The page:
CXO

Powertools and the Geeks that use them

I have a labrador retriever (in addition to my other pets). He is probably about 8 or 9 years old (hard to be more precise, we have had him 5 years, but he was a rescue dog.) He likes to chew... a lot. Lately, his favorite thing to chew is my western red cedar fence. I think he has separation anxiety, and since I have moved my office upstairs, (where he isn't supposed to be), perhaps he thinks that if he gets out of the gate, he can come in the front door, and head right up the stairs. Anyway, after a few weeks of him getting out and my family trying to forestall his adventures by putting trash cans, other large items and finally stapled on chicken wire in front of the hole he had eaten, I decided it was just time to fix the fence.

So, off I went to the hardware store to get boards, nails, etc. It was a cold, nasty day, and I had a cold and felt nasty anyway, but since Bill was home, it was time to strike while the iron was hot. I got a pencil, tape measure, hammer, Skil saw, nails, staple gun, wire fencing mesh, etc, and headed out to the gate. I cut the boards and began nailing them up. For galvanized nails, and a 20 pound hammer, they sure weren't going in all that well. They'd get 3/4 inch in and then stall there, no matter how much I continued to pound. Bill even tried, to no avail. Then, his eyes lit up, and he scurried off, returning a few minutes later with the power drill. Pilot holes was all we really needed.

So geeky are we that we didn't consider pilot holes. So geeky was I that to be honest, I nailed the boards up, then cut them to length (yes, Skil saw set so that I didn't cut into what I was nailing to. THen I even cut the bottoms off so that the gate would actually open. Seems if the boards rest on the ground when you nail them in place, they will drag on the aggragate, and prevent the gate opening nicely. Regardless, once the boards were replaced, I reinforced the bottom (where I had cut that extra inch off), with a cross board (2x6), and then covered the bottom 3 feet of gate with 14 guage galvanized wire fencing. I probably used 150 power staples to hold it in place. One every inch or so along each side and at strategic places on the interior. Can't see it that much from the outside, but it makes it hard to chew on from the inside, and nearly impossible to peel away. I also put it on the side between the gate and the house.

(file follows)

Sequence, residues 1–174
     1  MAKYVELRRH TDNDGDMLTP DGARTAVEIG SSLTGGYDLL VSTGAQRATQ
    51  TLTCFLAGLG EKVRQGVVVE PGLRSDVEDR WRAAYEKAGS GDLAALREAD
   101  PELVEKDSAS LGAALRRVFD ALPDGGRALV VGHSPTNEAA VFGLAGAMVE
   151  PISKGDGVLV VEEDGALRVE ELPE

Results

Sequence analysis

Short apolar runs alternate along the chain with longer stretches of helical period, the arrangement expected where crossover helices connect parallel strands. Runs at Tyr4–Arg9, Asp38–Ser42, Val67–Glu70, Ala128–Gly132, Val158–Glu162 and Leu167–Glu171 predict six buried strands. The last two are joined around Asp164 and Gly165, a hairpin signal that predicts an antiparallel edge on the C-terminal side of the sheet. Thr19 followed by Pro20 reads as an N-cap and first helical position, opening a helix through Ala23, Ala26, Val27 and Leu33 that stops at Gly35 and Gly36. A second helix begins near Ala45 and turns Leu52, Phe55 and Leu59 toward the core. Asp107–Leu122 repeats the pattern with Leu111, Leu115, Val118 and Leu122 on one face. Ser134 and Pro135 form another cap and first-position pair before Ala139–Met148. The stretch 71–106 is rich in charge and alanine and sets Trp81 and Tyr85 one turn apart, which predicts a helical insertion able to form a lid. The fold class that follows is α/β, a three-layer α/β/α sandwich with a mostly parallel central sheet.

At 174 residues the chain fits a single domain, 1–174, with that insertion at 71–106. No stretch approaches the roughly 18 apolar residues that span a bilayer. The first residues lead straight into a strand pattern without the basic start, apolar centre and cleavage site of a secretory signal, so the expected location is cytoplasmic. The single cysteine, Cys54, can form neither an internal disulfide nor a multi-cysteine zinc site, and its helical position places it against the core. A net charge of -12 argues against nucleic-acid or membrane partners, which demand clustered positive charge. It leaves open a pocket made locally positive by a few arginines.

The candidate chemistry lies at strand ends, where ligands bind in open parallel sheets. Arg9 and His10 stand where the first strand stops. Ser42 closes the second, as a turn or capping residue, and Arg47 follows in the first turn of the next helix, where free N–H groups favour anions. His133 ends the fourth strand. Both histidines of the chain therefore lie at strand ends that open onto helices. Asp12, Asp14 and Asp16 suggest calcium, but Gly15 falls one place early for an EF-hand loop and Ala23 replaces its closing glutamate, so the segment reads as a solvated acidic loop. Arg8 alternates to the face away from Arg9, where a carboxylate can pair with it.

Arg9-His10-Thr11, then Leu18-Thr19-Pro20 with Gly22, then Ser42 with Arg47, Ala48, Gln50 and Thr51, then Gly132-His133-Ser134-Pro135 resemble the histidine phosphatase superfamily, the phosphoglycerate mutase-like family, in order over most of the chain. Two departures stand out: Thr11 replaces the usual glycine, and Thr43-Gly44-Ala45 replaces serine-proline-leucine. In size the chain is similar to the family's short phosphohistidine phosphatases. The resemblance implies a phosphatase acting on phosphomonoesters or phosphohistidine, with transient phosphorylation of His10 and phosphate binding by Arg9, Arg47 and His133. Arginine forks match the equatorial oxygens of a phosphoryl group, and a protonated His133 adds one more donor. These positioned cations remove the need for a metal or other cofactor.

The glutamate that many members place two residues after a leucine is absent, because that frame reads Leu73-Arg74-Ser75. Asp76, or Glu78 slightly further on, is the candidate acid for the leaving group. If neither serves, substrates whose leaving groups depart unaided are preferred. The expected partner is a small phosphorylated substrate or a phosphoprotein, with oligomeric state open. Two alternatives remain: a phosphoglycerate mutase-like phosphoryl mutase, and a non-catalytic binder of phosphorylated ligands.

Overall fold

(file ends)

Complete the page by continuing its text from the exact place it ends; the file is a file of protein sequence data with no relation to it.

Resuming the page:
So, looking at my powertool collection, I realized that I only really have three pieces: my husband's drill (a gift a few years ago when I wanted curtains in our room), my power stapler (that I bought to run CAT5 cables through the house (figured stapling them close to the ceiling on the wall would prevent tripping), and the Skil saw (purchased last summer when we had to redo a bunch of trim at our rental (the tenant had been extremely detrimental).  Everything else I have is non-powered: hammers, screw drivers, allen wrenches, wire cutters, pliers (many types), nail punches, etc. I am not much of a handy-person, as evidenced by the order in which I did things to get that gate fixed, but I have a good end plan. There is no way, short of Cooper learning to use a Skil saw our wire cutters of his own for him to get through that gate. All in all, it probably took three hours. A real handy-person could have had it done in one, but I have the satisfaction of out smarting my dog...gee, somehow that sounds less monumental in type.

Editor's Picks

Free Newsletters, In your Inbox